Well it goes both ways. The West sees China’s currency and other government interventions as not “free market” and they see this as not competing fairly. This obviously ignores the West’s own anti-market policies on things like agricultural subsidies and a vast number of import-export restrictions. It is also red herring, because China is doing so not really to protect interest groups like the West (China laid off how many state workers in the 90’s to prepare for the WTO?) but because its economy is still transitioning, with the financial system not fully developed to withstand sudden “shocks”. The intervention puts in the necessary damping factor but the direction is clear; and if anything I think China has become more confident in free and fair competition than certain segments of the West because it believes in its competitive advantages and intrinsic potential going forward.

  11. rocking offkey Says:

    hold on.

    Let’s first implement the environmental law, labor law, s someone suggested, and then force the state/firms to share some social welfare, cancel the super-national treatment foreign investments have, and then wipe out most of the technology export restrictions against China in the US. Then let’s see where RMB stands. I’m not all that convinced RMB is that undervalued if all these are done.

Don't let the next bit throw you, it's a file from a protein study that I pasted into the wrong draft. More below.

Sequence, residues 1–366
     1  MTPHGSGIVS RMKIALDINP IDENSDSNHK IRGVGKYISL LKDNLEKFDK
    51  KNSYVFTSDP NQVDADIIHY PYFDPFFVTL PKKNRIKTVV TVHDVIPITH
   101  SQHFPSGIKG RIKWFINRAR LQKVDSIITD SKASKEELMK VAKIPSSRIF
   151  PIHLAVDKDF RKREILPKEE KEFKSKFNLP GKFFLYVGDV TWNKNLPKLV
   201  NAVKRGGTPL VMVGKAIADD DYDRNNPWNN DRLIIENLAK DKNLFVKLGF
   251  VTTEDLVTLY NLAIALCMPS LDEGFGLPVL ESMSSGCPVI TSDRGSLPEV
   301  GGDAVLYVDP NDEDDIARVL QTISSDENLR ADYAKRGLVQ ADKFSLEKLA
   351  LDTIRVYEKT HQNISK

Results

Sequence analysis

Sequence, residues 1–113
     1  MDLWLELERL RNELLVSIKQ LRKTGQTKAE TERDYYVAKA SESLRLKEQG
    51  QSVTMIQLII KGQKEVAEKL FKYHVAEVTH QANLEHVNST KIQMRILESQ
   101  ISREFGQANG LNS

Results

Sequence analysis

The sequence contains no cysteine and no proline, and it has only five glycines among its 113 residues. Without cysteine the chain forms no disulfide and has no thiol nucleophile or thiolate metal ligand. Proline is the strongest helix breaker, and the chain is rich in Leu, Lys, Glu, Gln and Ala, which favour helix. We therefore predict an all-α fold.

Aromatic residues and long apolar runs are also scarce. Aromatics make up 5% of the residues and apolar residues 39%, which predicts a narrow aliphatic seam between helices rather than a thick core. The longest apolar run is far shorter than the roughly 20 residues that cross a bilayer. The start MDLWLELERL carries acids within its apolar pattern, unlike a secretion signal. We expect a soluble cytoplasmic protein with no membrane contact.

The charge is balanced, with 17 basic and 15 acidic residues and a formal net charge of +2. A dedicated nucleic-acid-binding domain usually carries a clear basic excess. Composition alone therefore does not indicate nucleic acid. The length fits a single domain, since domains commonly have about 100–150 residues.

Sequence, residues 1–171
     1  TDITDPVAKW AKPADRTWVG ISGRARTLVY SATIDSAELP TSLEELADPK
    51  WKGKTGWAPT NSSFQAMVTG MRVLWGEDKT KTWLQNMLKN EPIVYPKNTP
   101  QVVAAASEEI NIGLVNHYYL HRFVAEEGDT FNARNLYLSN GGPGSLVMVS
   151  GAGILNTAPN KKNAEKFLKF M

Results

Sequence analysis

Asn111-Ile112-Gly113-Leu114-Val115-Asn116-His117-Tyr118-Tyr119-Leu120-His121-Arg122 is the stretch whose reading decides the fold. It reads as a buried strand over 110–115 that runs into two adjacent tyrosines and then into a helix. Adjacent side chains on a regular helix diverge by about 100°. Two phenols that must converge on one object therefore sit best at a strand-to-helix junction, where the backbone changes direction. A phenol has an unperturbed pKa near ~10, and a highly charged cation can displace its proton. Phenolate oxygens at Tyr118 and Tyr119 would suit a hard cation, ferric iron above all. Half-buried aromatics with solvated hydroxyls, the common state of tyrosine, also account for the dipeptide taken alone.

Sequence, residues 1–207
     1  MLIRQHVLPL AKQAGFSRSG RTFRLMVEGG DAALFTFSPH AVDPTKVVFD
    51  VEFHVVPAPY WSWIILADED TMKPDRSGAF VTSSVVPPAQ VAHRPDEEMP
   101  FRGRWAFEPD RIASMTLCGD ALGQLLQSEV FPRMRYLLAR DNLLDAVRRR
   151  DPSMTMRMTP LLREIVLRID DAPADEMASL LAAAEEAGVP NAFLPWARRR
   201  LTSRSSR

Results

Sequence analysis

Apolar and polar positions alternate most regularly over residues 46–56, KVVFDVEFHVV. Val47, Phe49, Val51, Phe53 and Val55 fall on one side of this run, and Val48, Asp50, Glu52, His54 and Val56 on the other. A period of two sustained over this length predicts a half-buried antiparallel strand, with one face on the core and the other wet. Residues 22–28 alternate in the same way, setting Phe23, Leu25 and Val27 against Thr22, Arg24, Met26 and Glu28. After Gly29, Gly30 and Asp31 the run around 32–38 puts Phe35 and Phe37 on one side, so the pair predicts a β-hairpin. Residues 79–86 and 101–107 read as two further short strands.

At the end of the day, it’s not RMB, it’s the structural imbalance in the Chinese economic and social system.

  12. Buxi Says:


    Exactly, agree 100%. How many people were complaining about China’s “non-market currency” during the 1997 Asian crisis, when China refused to devalue the RMB even as all of the other Asian exporters did? Those days, China was basically imposing a tariff on Chinese exporters.

    Currency controls in China’s case isn’t about providing a subsidy, it’s about stability. the real economists in the West understand that. It’s only the politicians who’re using this to make a point.

  13. FOARP Says:

    @Buxi – But you often see American commentators refer to the ‘peg’ even nowadays, and the US and Western Europe are not going to lose manufacturing jobs to China – at least not at the moment. Rather, it is countries like Mexico, Indonesia and India which should be bothered, as they are the ones who would lose out from any undervalueing – which is being corrected as we speak anyway. Yes, there has been a general drift towards protectionism in some areas in the west (quotas on underwear in the EU, steel tariffs in the US) but the WTO, the EU, and bilateral FTA agreements form a bulwark against such moves.